We have prioritized finding a partner for our journey, but we have neglected the journey itself.

I learned this lesson the hard way. I met a woman when I was 22, fresh out of college. My head was filled with big ideas and big dreams for my future, but I had very little clarity about how to actually make them a reality. I didn’t have a clear vision yet for a career or my higher purpose, but I sure did love this girl (or so I thought). We dated for a year and then moved in together. After five years of dating, I asked her to marry me. On our wedding day, I was 27 and she was 26. We had no idea what the hell we were doing. More importantly, we didn’t fully understand who we were as individuals.

I was still struggling with finding my sense of purpose. I had started a job as a high school English teacher, but I was having one hell of a rough first year and was in a constant state of stress and anxiety. She was struggling with her sense of independence as a new wife, doubting whether monogamy and married life were really for her. We were two confused people trying our best to love one another, but too often we felt like we were moving in two completely different directions.

The marriage didn’t last long, only two-and-a-half years. When we finally decided to separate, I was only 29 year old. Although the divorce was one of the most emotionally difficult times of my life, it was also a profound gift. Divorce gave me back the opportunity to learn who I truly am and what I truly want. Divorce gave me back an understanding of my soul’s purpose and the path I’m meant to walk in this life. Divorce gave me back myself.

Now at age 34, I am more clear than ever about my passion, my path, and my purpose.

Simply put: I know where I am going. And because I have answered that question first, I am ready to share this journey with a romantic partner who is heading in the same direction.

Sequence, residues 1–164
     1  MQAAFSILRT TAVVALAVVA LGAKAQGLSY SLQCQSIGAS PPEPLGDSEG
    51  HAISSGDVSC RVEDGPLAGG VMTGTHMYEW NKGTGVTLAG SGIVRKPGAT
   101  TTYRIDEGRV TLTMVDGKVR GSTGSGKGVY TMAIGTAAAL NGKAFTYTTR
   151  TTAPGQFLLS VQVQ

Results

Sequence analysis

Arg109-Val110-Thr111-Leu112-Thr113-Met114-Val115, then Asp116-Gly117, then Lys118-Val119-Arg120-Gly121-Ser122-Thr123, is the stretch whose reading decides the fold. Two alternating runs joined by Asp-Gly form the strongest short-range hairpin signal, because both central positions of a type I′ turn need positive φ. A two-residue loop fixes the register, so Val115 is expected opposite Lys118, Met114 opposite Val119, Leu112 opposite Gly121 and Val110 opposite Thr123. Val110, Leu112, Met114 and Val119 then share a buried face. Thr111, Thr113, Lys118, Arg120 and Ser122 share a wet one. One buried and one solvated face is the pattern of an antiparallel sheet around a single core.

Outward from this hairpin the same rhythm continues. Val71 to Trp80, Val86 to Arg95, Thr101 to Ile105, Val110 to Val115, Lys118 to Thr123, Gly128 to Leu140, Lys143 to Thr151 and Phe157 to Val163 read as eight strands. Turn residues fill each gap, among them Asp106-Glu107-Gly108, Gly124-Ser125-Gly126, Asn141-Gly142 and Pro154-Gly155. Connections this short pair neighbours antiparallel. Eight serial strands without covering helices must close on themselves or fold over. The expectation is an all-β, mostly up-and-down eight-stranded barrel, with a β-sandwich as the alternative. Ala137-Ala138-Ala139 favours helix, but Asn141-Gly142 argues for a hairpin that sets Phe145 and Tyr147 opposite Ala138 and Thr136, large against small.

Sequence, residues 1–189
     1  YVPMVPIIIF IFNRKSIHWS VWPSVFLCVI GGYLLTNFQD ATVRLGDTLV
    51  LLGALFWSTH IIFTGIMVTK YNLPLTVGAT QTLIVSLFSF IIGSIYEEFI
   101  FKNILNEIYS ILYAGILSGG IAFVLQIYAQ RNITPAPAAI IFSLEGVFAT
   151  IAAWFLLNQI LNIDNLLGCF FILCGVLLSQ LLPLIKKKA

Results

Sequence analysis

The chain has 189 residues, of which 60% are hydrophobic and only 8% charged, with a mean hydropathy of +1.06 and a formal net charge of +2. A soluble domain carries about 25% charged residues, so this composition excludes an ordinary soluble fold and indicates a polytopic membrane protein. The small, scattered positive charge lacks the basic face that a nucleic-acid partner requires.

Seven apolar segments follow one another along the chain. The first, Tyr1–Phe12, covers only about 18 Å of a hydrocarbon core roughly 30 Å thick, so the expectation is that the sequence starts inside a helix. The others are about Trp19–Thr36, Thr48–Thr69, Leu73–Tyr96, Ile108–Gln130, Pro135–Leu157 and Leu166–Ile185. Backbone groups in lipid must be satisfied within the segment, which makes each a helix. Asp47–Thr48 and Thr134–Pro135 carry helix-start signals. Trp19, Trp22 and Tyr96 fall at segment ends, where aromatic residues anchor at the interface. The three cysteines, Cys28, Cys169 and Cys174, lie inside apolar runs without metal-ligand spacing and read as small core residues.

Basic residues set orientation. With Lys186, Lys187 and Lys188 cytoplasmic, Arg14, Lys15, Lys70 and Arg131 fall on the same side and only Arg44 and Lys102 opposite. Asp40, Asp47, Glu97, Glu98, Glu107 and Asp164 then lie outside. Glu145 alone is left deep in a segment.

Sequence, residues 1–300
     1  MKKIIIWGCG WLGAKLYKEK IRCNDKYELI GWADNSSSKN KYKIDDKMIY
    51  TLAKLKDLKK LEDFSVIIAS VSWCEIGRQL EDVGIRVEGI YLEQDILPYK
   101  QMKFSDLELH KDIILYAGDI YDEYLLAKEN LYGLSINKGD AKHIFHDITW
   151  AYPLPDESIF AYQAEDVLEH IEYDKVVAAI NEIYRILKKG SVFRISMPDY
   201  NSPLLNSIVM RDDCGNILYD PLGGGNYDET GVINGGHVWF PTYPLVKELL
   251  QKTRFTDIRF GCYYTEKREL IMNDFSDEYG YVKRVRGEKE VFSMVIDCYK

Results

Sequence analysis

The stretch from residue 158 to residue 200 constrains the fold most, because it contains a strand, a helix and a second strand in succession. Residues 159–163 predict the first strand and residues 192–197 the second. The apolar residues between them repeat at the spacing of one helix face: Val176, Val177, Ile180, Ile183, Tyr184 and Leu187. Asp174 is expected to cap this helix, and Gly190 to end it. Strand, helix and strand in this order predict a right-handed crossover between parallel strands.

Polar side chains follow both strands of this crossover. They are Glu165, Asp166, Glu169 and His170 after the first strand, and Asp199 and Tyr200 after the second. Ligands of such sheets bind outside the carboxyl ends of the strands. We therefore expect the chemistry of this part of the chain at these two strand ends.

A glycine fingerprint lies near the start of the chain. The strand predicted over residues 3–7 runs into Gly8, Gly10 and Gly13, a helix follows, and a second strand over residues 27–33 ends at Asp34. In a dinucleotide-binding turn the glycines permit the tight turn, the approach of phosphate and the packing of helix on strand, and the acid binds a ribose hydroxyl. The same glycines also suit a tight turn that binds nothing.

It comes down to this: You owe it not only to yourself, but to any current or future lover, to discover your own unique self before you commit to a long-term relationship.

There are so many ways to begin the journey towards your true self: Spend time in solitude. Take a trip alone. Write down your honest thoughts and feelings in a private journal. Remember what brought you joy as a child. Begin the work of healing your wounds and traumas. Reflect on how your unique passion can serve the world.

You, and you alone, must decide the path you will take through this world.

Then, and only then, choose a partner whose purpose and direction is in alignment with your own. Insist that they too have done the work to know themselves and will continue to do that work in the future. When your two paths are aligned and based on each person’s inner work of self-discovery, you will be a source of strength, courage, and inspiration for each other. You will be able to weather the storms of life and face the difficulties of the journey together, because you’re actually going in the same direction.

Until each partner has done this essential inner work, your relationship will experience conflict at every fork in the road: you’ll want to turn right, you partner will want to turn left, and your love will turn into a struggle for control of the wheel.

But you don’t have to take that trip.

One simple question will put you on your proper path… one simple question that you must answer from the bottom of your soul:

Where am I going? When you’ve answered that, you’ll be ready to ask someone else to join you for the ride.